The other comes during “America,” agreeably re-located here to the middle of the day on the street, as Anita (Ariana DeBose) delivers her killer diss to Bernardo’s (David Alvarez) complaints about the U.S.A.: “You forget I’m in America.” As she sweeps to the right and the camera happily follows her motion out of the shot, her yellow dress swamped by the swoosh of its blood-red petticoat, a ray of sunlight catches her hair. Because it has to, because of the lyric, and the ending of the musical phrase, and because I suspect Spielberg has directed this moment in his head before, and that’s where the light went.

There are other things to like about the film: Spielberg’s gift for blocking (not just in the musical numbers), the absence of 21st-century-style Broadway singing (the performers actually just sing the songs, instead of trying to strangle them to death), an amusing staging of “I Feel Pretty” amidst a department-store setting—the Latina characters are cleaning the place at night—peopled with whiter-than-white mannequins living the Eisenhower-era American Dream. There’s not enough dancing for my taste, though, and “Cool,” usually a knockout, is badly served: a simplified version of the number, set on a disintegrating dock so that Tony and Riff are jumping around avoiding big holes—an unwelcome touch of the video game.

Some of the cast members are terrific: DeBose and Mike Faist (a lean, whiny-voiced Riff) are the standouts, full of hunger and quick-trigger force. Alvarez does ably as Bernardo, Josh Andres Rivera is spot-on as the hapless Chino, and Rachel Zegler, in her first movie role, is sincere and focused as Maria—she’s rooted in the movie’s emotional reality in a pleasing, non-movie-star way, but you can also believe she’s dreamy-headed enough to go all goo-goo-eyed in the stop-time dance when she first meets Tony at the gym.

Rita Moreno, who won an Oscar for playing Anita in the 1961 film, is cast here as the owner of Doc’s neighborhood store. I wish I liked the idea more, but I couldn’t shake the aura of stunt casting, like when an actor who played Boba Fett or some goddamn thing turns up in one of the modern Stars Wars movies and the audience is expected to drop their popcorn en masse. Obviously, Moreno’s a capable performer, and maybe this is one of those things I’ll be more at ease with on second viewing.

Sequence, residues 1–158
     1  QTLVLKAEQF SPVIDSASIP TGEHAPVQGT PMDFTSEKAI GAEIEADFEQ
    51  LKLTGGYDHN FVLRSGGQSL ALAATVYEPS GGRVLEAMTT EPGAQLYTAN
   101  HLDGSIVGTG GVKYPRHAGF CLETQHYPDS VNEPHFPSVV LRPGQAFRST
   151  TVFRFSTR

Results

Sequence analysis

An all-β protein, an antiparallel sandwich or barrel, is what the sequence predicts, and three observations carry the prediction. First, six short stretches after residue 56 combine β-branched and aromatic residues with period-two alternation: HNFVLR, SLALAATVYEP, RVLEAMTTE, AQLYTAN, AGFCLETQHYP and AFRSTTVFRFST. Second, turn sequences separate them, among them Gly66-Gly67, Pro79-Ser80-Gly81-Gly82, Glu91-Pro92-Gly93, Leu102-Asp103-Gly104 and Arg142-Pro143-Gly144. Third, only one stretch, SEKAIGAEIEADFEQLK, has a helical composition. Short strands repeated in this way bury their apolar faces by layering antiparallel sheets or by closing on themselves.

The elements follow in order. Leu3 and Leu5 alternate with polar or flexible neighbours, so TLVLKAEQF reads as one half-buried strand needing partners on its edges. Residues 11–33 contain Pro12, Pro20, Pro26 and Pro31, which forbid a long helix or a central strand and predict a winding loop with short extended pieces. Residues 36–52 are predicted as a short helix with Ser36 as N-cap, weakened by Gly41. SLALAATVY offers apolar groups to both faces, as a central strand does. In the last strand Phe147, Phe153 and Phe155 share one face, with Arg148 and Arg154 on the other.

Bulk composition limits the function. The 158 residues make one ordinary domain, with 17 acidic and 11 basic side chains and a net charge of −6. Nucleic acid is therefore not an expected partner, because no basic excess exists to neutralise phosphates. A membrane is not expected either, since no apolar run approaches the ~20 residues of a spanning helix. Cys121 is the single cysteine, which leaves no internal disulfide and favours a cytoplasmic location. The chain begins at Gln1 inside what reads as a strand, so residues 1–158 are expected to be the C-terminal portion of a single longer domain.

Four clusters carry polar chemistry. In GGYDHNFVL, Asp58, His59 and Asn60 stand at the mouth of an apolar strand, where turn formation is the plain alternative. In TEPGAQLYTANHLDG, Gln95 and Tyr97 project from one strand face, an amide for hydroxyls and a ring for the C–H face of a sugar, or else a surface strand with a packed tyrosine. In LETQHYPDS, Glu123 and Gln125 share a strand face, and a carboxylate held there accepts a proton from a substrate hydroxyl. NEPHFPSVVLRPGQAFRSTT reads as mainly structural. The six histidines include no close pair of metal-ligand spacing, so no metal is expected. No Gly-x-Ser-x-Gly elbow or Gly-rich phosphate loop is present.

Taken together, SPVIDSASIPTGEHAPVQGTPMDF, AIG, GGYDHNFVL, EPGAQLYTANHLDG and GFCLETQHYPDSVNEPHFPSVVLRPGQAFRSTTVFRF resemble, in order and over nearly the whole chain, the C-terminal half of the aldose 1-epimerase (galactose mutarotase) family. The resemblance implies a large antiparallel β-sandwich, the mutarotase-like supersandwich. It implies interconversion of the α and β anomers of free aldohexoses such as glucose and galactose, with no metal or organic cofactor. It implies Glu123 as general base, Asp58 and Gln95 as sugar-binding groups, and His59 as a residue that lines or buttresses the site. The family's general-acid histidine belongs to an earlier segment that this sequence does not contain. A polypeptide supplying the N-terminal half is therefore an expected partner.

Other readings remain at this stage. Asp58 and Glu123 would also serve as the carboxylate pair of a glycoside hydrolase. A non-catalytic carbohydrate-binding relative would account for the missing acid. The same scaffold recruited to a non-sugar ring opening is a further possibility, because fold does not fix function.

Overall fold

What won’t improve, I’m pretty sure, is the film’s stupefying central miscue, which is—well, let’s put it this way: Come back, Richard Beymer, all is forgiven. You will recall that Beymer’s hopelessly gosh-and-golly performance as Tony is one of the sticking points for the 1961 film, but say this: At least Beymer lip-synced his songs with gusto. The same can’t be said for Ansel Elgort, who looks distracted and manages to underplay the songs while also rushing them. Elgort moves well for a tall man, and he physically occupies space nicely during “Maria” and “Tonight,” but in vocal delivery and facial expression, the actor has no zip. I see what he and Spielberg are aiming for: Elgort has a touch of Brando in his face, and might be channeling the On the Waterfront Brando in accent and lack of intellectual prowess. But it doesn’t work. I know that people will overlook it because generally there’s so much to enjoy in this movie, but it’s a serious shortcoming. You ever wonder what Back to the Future would have looked like if Michael J. Fox hadn’t been the replacement lead? Now you do.

There’s more to be said about the film—for instance, the sound design is fascinating, a curious absence of the usual comforting layer of ambient sound when the music isn’t playing; I couldn’t quite figure it out on one viewing, but it’s practically experimental. Also, there are times when Spielberg’s role as America’s Moviemaker veers perilously into view: For instance—no spoiler here—but there’s a late moment when Anybodys’ position as Jet-wannabe is addressed, and Spielberg’s camera executes an inexcusably portentous push-in as a decision is weighed, a movement that feels more connected to making a pronouncement about a social issue than the size of the narrative matter at hand.

The film has enjoyed a rapturous early reception; some of the reviews carry an urgent sort of “The movies are back!” quality, for completely understandable reasons. I wish I shared that feeling, but the longer West Side Story went on, the more I sensed the air seeping out.

But is the “Quintet” good? Yes—alive and kicking. In that sequence and in so many others, West Side Story confirms that Spielberg, like Hitchcock, was never just a born entertainer, but also a filmmaker drunk on the abstract forms and rhythms of movies—the interior of Maria’s apartment is a credible-enough depiction of a tenement flat, but also a collection of shapes and colors, window frames and brightly-hued hanging fabrics, all keyed to the drive and emotion of the characters, all waiting for light to be poured into them.

December 3, 2021


Robert Horton is a member of the National Society of Film Critics.